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Comment Re: Are there that many drone in the air in the US (Score 1) 46

The FAA is banned from regulating model aircraft if I recall.

Which is why the Obama administration just instituted their new RC aircraft owner registration system (you have to sign up by the 19th of this month, or face up to $20,000 in fines ... and that includes operating any toy RC machine as small as just under 9 ounces/250g) through the Department Of Transportation instead of through the FAA. It's a sleazy maneuver that directly goes against the spirit of the law congress passed to prevent exactly such things from happening.

Hopefully you're not surprised that an administration that has been found repeatedly by federal courts to have overstepped separation of powers by issuing unconstitutional executive orders would be trying to once again work around the law?

Doesn't matter. Most people who fly RC planes for fun can't afford to fight the administration in court or risk that $20,000 fine. There are a couple of groups trying to take the matter to court, but that will drag out years. In the meantime, we have to play along with the illegal action by the administration.

Comment Re:Are there that many drone in the air in the US? (Score 2) 46

Are there really that many drones kicking around that they are this much of an issue?

The rule (and its change) wasn't about "drones" - it was about any and all RC-controlled flying things. Balsa-wood models that grandpa has been flying around in circles in his back field for 40 years, for example. Hundreds of thousands of people have been flying RC aircraft for many decades. And no, it's never been an issue and still isn't. The FAA's random rule-generating system has nothing to do with reality.

Comment Re:FAA doing it right (Score 2) 46

Other than that, they have no reason to exist and should be shot down, no mater where they are.

So you're thinking that these machines, which people have been flying for decades - an activity enjoyed by millions of people over multiple generations, should all be shot down? Really?

If I find your car annoying or your mobile phone to be an intrusive image-capturing device, can I shoot at them? No? Why not?

Comment Re:Gridlock (Score 1) 184

"Only democrats spend tons of money" says area man with no grip on reality.

No, his point was that on things like this, Democrats only spend money (as opposed to actually getting things done right). The money gets spent, but the supposed purpose for which money is being taxed or borrowed and then spread around on the chartering and running of panels, focus groups, advisory boards, and programs as being mentioned in the OP ... that amounts to nothing constructive. But it does add new bureaucrats and unfireable new federal employees to the picture, and grows the size and pointless intrusiveness of the government, so it's definitely just what Democrats seek to do.

Comment Re: Ok. (Score 0, Flamebait) 647

How is using *my* electricity, risking *my* computer's integrity, distracting *my* attention for *your* profit not abusing *my* resources?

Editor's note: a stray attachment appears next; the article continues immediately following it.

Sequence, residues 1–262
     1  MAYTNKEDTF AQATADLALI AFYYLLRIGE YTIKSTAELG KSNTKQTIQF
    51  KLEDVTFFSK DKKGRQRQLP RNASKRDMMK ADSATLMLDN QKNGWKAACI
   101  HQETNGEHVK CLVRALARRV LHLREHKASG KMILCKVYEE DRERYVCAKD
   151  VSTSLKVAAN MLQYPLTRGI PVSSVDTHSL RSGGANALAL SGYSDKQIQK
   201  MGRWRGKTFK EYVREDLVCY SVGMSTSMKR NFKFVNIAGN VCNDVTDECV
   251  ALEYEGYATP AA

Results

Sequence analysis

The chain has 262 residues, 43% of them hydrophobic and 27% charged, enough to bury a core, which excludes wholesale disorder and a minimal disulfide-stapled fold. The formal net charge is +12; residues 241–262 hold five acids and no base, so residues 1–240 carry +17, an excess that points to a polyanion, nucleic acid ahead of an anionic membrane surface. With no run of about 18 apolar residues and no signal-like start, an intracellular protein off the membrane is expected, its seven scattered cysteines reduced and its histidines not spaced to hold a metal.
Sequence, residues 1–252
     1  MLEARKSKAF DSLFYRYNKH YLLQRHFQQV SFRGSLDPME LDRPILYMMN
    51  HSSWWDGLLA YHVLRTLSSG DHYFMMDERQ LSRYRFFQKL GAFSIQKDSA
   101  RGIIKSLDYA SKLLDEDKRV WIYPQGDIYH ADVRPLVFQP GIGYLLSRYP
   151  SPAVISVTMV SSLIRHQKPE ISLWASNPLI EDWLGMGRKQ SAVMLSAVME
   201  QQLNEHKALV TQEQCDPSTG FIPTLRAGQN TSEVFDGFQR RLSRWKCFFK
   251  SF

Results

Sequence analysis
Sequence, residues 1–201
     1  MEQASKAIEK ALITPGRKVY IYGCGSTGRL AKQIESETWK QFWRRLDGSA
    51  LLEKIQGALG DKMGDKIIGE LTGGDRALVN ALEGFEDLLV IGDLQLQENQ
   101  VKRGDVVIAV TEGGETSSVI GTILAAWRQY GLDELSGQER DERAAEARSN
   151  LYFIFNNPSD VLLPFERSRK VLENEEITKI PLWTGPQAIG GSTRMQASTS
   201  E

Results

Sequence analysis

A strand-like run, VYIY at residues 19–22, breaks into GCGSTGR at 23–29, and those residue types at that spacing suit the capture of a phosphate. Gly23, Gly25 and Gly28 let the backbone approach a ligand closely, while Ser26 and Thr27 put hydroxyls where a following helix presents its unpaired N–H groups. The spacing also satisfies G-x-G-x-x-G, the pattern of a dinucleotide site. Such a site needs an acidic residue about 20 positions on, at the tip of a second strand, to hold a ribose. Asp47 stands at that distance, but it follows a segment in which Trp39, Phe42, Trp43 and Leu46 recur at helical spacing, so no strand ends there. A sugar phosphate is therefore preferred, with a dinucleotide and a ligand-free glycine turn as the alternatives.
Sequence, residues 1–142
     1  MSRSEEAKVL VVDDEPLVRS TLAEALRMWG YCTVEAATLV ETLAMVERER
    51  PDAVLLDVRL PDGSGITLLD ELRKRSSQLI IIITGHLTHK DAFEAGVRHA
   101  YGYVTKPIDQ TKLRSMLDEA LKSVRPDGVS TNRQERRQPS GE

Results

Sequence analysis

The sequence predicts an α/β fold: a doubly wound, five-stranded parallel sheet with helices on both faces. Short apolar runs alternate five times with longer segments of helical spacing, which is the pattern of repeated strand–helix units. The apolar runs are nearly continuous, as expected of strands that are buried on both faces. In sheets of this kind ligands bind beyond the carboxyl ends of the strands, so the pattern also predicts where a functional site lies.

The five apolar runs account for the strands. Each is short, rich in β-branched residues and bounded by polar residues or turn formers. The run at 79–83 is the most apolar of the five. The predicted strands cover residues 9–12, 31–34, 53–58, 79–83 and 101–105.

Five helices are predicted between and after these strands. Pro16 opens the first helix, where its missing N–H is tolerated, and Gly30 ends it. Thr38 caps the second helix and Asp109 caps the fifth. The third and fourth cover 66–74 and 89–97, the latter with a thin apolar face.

Because YOU are the one choosing to go consume the content that someone else risks time and money to create. Nobody is forcing you to go to Wired for your amusement. But you're looking to use a technical method to separate the content you want to see from the content that the person who's creating and hosting that content wants to include in what you're not paying them for in order to do pesky things like not go bankrupt as they meet payroll and keep producing the thing to which you feel entitled at no cost.

What are you, 12? Yeah, I thought so.

Comment Re:Going to become more common. (Score 1) 130

Just because they're prey to our special operators doesn't make them any less predators from the point of view of the thousands and thousands of people they are slaughtering in the name of rewinding to the dark ages. They're definitely predators, as their world view requires that sort of predation in order to exist.

Comment Re:How is this newsworthy? (Score 1) 293

If you need examples, ask every victim of every revolution or warzone who suddenly had saw their rights disappear when the men with guns showed up.

Their rights didn't disappear, their rights were denied. Infringed. Interfered with.

Governments don't give rights. Governments impose limits on them, or protect against that happening. But they don't create them. Hopefully you're not confusing rights with entitlements like so many people do.

Comment Re:How is this newsworthy? (Score 1) 293

You don't have any natural rights to be free from tigers or from gravity. But you DO have the natural expectation that another rational being will understand that if they attack you, they are waiving their own claim on living peacefully. That you don't grasp this is pretty amazing, really.

You'll find that your idea of "rights" disappears quite quickly as soon as any functioning society breaks down.

My "idea" of rights exists at any scale and under any circumstances. That's the entire point. Irrational people do indeed look to take advantage circumstances in which they feel willing to take the chance that their use of violence will go unchallenged because of unpleasant or unexpected circumstances. Which doesn't change the fact that they lose their claim to life when they deny you yours. That's the right you naturally have: to use (or have used on your behalf) the violence necessary to defend your life. Why? Because rational people don't kill other people except in self defense. Those who initiate the violence waive their rights to live in peace.

You're confusing having a right with happening to have the power to defend it at some particular time. These are not the same thing.

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